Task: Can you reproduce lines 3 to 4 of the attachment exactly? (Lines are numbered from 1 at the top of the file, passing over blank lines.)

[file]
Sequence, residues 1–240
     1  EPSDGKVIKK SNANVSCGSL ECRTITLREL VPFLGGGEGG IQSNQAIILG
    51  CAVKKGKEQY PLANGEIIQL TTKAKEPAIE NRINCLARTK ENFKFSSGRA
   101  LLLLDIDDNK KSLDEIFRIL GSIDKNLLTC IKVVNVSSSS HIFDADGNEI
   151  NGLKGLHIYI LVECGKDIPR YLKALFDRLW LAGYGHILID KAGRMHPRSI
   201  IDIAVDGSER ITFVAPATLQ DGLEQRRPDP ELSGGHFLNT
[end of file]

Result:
    51  CAVKKGKEQY PLANGEIIQL TTKAKEPAIE NRINCLARTK ENFKFSSGRA
   101  LLLLDIDDNK KSLDEIFRIL GSIDKNLLTC IKVVNVSSSS HIFDADGNEI